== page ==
Checked into the hostel and went through the usual routine of getting into the shower ASAP before heading off to town. Damn WiFi wasn't working. Starting to think that this is the typical practice by many of these hostels, they simply drop the WiFi/telephone bills during the low season. The claimed that the WiFi was working perfectly until only yesterday - sorry that has been heard before and I don't buy it. Walked into town to look for some WiFi and a beer. 

The beer was probably a bad idea after such exertion. Became all wobbly very quickly and stumbled my way home. I was the only person in the hostel this evening, but it seemed half the village had arrived for dinner. Along with a bunch of screaming babies and rabid kids. I was invited to dinner but declined. Headed back into town for more WiFi and dinner. Tried a local food called Tamale - corn mixed with various spices and vegetables cooked inside corn leaves. Very tasty, but one probably wasn't enough. 

Dinner sorted, headed back to the hostel to find a large party in full swing. Am starting to take a dim view of hostels. This particular one is backed by Hosteling International, a supposed indication of quality. However this is the second one of their affiliated hostels I have stayed in and cannot say I liked either of them much. At least I had the room to myself. Sorted through a few photos before falling asleep.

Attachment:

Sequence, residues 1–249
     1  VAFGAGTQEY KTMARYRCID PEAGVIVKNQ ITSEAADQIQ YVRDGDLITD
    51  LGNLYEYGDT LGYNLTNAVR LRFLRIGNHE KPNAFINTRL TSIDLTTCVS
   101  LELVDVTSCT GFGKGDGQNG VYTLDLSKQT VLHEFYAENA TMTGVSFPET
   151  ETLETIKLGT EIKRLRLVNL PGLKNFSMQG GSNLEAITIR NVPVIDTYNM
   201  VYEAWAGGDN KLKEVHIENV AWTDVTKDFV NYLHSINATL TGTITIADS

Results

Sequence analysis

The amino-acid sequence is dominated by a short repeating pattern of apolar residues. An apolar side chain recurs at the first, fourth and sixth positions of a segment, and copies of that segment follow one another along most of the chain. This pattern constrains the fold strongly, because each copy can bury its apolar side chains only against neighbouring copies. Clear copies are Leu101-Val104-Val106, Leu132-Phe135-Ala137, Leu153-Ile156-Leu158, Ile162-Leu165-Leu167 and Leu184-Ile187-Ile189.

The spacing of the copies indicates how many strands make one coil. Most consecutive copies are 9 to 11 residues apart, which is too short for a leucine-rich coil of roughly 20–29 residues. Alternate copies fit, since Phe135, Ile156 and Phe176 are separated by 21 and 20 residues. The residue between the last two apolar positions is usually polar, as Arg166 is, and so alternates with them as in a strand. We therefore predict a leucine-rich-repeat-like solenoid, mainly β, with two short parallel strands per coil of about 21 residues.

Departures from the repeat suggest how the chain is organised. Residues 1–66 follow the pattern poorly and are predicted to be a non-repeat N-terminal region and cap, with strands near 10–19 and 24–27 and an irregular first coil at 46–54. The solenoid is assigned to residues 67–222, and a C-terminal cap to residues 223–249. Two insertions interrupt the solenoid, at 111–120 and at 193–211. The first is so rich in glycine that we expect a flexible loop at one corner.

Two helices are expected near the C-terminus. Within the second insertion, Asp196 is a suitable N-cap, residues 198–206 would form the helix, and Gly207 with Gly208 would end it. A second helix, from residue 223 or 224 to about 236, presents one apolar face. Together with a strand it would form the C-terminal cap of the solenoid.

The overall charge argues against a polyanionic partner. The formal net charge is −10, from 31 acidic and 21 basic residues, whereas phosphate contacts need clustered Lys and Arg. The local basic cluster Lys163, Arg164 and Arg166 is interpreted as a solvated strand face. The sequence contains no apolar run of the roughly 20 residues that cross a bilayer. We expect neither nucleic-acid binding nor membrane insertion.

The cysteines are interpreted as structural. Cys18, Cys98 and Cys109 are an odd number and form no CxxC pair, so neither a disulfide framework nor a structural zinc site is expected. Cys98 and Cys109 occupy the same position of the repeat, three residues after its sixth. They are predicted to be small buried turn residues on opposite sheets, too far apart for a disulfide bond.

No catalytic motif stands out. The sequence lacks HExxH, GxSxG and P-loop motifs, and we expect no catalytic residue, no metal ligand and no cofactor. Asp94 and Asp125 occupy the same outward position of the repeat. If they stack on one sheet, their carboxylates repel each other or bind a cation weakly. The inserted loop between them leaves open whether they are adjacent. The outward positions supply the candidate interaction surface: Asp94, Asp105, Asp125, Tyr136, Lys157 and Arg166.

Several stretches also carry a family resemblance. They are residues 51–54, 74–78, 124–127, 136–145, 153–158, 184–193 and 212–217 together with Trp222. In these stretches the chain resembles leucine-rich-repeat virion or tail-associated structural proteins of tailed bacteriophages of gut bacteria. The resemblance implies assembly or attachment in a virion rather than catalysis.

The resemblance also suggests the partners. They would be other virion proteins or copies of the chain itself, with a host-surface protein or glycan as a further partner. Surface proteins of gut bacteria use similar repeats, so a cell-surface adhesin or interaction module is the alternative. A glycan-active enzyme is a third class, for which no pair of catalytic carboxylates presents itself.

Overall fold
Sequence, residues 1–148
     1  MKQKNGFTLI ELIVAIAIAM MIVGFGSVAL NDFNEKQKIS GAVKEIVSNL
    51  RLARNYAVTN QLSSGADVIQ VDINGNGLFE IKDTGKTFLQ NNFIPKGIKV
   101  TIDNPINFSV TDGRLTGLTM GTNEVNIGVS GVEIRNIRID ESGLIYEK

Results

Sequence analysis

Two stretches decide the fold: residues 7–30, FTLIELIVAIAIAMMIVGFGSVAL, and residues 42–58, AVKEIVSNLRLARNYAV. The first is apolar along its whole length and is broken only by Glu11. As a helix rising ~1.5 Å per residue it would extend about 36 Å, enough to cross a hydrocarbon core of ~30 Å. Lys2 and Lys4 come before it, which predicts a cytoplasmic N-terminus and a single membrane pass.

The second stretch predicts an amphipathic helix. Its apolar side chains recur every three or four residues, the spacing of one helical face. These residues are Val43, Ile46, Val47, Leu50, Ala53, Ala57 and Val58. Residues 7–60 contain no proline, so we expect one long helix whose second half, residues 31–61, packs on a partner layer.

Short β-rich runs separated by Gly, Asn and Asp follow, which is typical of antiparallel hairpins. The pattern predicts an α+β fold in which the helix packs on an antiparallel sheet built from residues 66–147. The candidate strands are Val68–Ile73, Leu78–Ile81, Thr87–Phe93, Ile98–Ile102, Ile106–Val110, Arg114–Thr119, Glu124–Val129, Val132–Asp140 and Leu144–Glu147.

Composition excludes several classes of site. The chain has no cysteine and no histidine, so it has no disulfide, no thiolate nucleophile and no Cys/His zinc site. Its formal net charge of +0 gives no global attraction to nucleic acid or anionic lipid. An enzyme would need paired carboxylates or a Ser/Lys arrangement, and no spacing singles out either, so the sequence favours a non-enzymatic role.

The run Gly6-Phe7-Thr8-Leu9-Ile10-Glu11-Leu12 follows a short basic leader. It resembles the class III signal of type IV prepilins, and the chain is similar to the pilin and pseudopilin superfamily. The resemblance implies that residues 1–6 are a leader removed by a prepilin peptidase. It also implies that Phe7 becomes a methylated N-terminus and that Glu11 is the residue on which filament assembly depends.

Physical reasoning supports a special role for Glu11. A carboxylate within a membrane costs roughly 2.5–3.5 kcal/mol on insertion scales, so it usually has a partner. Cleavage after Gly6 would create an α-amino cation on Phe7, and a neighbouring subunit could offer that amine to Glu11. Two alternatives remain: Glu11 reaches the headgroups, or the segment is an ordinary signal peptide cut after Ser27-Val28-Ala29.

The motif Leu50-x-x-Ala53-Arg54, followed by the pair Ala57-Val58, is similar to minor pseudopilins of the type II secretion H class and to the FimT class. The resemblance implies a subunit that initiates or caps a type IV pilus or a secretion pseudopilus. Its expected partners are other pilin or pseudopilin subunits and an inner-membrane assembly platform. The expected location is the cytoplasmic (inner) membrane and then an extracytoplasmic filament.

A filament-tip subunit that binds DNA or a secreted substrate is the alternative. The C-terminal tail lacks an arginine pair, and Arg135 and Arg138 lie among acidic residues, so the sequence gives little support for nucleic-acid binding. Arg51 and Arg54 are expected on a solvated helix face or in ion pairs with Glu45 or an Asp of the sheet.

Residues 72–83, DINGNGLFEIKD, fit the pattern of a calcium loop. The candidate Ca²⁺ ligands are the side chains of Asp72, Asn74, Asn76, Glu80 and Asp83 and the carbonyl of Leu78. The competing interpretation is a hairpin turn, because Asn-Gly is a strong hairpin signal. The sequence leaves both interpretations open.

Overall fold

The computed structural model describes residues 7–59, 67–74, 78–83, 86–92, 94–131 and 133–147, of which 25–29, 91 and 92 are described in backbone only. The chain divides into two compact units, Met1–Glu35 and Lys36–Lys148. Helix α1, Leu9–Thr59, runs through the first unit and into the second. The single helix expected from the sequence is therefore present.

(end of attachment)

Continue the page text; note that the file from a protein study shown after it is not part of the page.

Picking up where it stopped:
Didn't plan on doing much today except having a decent rest. Never the less I was still up at 07:30. Meandered around the house and found myself some coffee. Sat outside and watched the sun start to drench the opposing peaks. A sobering view, I might well be at 2000masl, but these peaks were double what I had climbed. Some of the surrounding peaks reached 4700masl. Worse still, these mountains are just babies compared to some Andean peaks that hit almost 7000masl. In fact, if mountains were measured from the centre of the earth rather than sea level, Aconcagua would be the highest mountain on the planet by some stretch. 

Coffee complete, I could hear breakfast being readied. Tucked into some rather good bread and marmalade. Got cereal for change, perhaps the only time I partake of milk. In went the milk, only it was much thicker than it should have been. This was a very sweet yogurt of some description. Something I didn't know until I had already sprinkled liberal amounts of sugar on my cereal. Fortunately I am not shy of anything sweet!

Took a gentle walk about the town and the surrounding hills to see if I might find some birds. The wind was now blowing very strongly and bird activity was thus quite limited. After spending the majority of the morning moping about and bemoaning the state of the rivers here (rubbish dump sites), I went back to town and sat for a spot of lunch. Exchanged a few emails with my brother who ultimately had me motivated enough not to sit on my posterior and head back out to look for more birds - thanks Adi! While the Angostura Lake didn't seem to get many positive reviews regarding birding, I decided I would take a walk and see for myself. The walk was much further than I had anticipated, but once I had my mind set on reaching the dam, the distance wasn't going to be of any consequence.